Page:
So, the controversy is about conspiracy theories, religion … and money. ElberGranite Association Executive Vice President Chris Kubas says the association accepted the remains of the Guidestones because members didn't want the original stones crushed. That implies they may want to do something with them, but haven’t said if that would be a display of the rubble, incorporating it into a rebuilding of the monuments, or something else. The bottom line is the bottom line – the original Georgia Guidestones were a huge tourist draw for a city that has few other tourist attractions, and that money ended when the bomber arrived.

"It was not a Christian monument. It was not an anti-Christian monument. It was what it was and it should not have offended anybody."

Some of the guidelines

While he now says the Georgia Guidestones were not meant to be controversial or offensive, Vaughn offered a solution should they be rebuilt – leave off the engravings of the guides in eight languages. That might work … as well as putting the new Guidestones in a location closer to the city, where they could take advantage of hotels, restaurants and other businesses which would benefit from the increase in tourism. Would a new set of non-engraved granite blocks still be allowed to be called the Georgia Guidestones? Would the Georgia Stonehenge be better? Would they match the original in bringing in tourist dollars? Would they avoid the controversy? The threats? The bombing?

Ah … the bombing. The Georgia Bureau of Investigation (GBI) has the video showing the bombing and the bomber leaving in a light-colored sedan with a sunroof, but over a month later still has no suspects, no witnesses and seemingly no leads since it is still asking the public for help. The rubble has been inspected by the GBI's bomb unit and U.S. Alcohol, Tobacco, Firearms and Explosives to identify the type of explosive used and determine where it had been purchased and by who, but nothing has been made public. As a result, a completely different set of conspiracy theories has arisen calling this a coverup of an act of domestic terrorism. Is it?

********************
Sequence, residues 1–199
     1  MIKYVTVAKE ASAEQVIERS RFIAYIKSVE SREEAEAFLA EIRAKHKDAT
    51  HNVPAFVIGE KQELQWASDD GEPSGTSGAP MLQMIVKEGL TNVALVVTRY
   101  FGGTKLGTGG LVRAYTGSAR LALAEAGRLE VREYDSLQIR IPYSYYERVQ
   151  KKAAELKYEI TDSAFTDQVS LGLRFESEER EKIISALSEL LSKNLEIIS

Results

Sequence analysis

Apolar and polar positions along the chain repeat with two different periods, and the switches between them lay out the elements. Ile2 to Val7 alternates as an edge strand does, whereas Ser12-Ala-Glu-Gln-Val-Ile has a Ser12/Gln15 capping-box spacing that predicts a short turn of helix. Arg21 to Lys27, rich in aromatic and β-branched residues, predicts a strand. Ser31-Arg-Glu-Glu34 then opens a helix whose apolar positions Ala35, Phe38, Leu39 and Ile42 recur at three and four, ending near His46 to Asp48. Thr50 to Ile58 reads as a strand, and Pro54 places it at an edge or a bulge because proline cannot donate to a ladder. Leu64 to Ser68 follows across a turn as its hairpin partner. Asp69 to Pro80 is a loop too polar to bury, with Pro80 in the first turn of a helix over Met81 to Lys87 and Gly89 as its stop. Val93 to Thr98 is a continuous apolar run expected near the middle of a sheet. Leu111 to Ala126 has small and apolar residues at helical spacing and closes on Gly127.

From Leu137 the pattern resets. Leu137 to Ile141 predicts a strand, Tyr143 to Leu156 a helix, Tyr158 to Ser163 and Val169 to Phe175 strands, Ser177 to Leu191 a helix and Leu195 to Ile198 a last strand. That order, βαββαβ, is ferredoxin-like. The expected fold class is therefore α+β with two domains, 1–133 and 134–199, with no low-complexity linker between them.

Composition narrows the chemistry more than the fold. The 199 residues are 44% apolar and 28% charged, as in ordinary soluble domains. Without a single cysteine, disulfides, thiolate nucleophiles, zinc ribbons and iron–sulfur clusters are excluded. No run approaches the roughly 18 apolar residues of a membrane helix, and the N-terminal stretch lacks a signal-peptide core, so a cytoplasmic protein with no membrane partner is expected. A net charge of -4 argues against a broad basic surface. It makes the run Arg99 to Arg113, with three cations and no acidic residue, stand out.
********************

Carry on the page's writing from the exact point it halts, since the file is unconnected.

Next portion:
What would “Robert C. Christian” think?

Paul Seaburn

Paul Seaburn is the editor at Mysterious Universe and its most prolific writer. He’s written for TV shows such as "The Tonight Show", "Politically Incorrect" and an award-winning children’s program. He's been published in “The New York Times" and "Huffington Post” and has co-authored numerous collections of trivia, puzzles and humor. His “What in the World!” podcast is a fun look at the latest weird and paranormal news, strange sports stories and odd trivia. Paul likes to add a bit of humor to each MU post he crafts. After all, the mysterious doesn't always have to be serious.